Catfish Meunière with Capers

I love capers, especially when paired with butter, lemon, and a fresh piece of fish. This feels like a quintessentially French recipe to me, especially since I use the exact same sauce for my scallop dish. Trout Meunière is found on every classic New Orleans dinner menu that I saw, so I figured it was fair game. I couldn’t find trout, so I figured catfish was still a river fish and is used in the cuisine of the area. It turned out well.

Meunière means “miller’s wife” and this refers to the fact that the fish filet is dredged in flour before cooking. I recommend using a cast iron skillet to fry the fish, especially if you have a very large fillet like my catfish. My heavy bottomed steel did not brown as nicely as the cast iron, as you can tell in the first filet (on the right side).

Catfish Meunière with Capers

3 12 ounce catfish filets, or 4-6 trout fillets
salt and pepper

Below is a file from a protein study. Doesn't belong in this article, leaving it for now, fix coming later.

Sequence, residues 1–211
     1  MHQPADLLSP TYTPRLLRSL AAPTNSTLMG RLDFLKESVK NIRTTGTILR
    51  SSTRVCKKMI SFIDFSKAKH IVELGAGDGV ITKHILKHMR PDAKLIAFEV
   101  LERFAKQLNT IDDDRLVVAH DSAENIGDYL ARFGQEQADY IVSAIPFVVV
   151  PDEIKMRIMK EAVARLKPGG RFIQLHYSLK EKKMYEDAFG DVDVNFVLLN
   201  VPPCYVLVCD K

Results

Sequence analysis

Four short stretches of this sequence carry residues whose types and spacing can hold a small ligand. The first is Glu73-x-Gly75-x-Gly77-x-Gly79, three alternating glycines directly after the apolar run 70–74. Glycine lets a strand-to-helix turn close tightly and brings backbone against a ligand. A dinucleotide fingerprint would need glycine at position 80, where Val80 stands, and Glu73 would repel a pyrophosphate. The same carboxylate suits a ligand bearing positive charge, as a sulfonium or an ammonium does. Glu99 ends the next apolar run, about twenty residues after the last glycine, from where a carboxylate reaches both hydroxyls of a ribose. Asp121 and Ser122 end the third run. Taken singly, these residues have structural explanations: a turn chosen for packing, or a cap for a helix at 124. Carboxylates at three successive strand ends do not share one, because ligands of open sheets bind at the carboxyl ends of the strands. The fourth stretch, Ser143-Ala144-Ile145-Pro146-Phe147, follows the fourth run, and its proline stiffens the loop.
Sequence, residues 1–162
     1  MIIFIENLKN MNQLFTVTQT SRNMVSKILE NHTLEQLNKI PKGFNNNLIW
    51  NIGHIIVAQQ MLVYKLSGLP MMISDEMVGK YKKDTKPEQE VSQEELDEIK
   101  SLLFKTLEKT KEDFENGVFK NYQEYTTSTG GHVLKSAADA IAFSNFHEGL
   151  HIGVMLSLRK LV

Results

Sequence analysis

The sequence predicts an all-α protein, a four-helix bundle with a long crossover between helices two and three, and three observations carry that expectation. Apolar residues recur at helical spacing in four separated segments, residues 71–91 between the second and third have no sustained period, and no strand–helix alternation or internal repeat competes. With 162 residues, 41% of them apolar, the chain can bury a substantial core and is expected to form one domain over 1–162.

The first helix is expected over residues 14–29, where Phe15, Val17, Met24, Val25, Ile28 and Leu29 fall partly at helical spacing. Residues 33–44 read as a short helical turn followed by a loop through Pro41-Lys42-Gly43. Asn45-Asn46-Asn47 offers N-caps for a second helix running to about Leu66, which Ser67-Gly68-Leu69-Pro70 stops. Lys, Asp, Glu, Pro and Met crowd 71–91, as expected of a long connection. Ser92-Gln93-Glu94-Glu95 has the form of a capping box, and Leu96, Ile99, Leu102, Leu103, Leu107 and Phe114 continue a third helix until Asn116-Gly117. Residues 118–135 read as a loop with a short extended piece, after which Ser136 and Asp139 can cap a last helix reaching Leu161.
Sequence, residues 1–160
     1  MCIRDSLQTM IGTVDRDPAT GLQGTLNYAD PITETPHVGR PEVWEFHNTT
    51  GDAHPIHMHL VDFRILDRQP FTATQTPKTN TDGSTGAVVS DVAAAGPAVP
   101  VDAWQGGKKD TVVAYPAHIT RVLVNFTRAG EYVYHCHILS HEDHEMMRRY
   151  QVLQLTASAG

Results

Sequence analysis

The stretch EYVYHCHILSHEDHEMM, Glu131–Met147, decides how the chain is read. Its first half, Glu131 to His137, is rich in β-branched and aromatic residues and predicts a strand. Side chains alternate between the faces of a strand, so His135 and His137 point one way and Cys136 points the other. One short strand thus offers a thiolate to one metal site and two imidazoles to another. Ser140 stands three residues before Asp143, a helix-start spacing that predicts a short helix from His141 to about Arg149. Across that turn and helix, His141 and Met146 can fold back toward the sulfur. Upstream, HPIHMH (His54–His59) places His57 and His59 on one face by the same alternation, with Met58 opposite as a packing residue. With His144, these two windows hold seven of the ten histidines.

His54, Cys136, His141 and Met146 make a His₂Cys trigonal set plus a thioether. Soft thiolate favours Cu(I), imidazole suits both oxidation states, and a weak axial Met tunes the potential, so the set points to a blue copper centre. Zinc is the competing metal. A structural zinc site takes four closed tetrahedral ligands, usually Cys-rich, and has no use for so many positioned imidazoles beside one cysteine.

4 tbsp ghee
1 cup flour
1/2 cup chopped parsley
8 tbsp butter
1/4 cup lemon juice
1/4 cup capers, drained

  1. Pat the fish dry with paper towels and season on both sides. Dredge in flour and shake off any excess.
  2. Heat 2 tbsp ghee in a cast iron skillet. If your skillet is not large enough, you may need to cut the fillets in half as I did.
  3. Once the pan is really hot and the ghee is completely melted and started to bubble a bit, place the floured filet in and cook for 3-4 minutes on each side until cooked through. If your filet is rather fat, peel up a filament of flesh and check to see if the interior is opaque and cooked through.
  4. I warmed my platter in the oven while the fish were cooling. Place cooked fish on warmed platter and cover with aluminum foil. Keep in oven with the pilot light on.
  5. Repeat for remainder of fish.
  6. Clean out the skillet. Add the butter and cook until it begins to brown and bubble.
  7. remove from heat. Mix in the remaining ingredients, season to taste. Adjust ingredients if necessary. Pour over fish and serve immediately.
  8. Feel free to serve with lemon for garnish.

Total time: 1 hour

One Comment Add yours

Leave a Reply

Fill in your details below or click an icon to log in: Logo

You are commenting using your account. Log Out /  Change )

Twitter picture

You are commenting using your Twitter account. Log Out /  Change )

Facebook photo

You are commenting using your Facebook account. Log Out /  Change )

Connecting to %s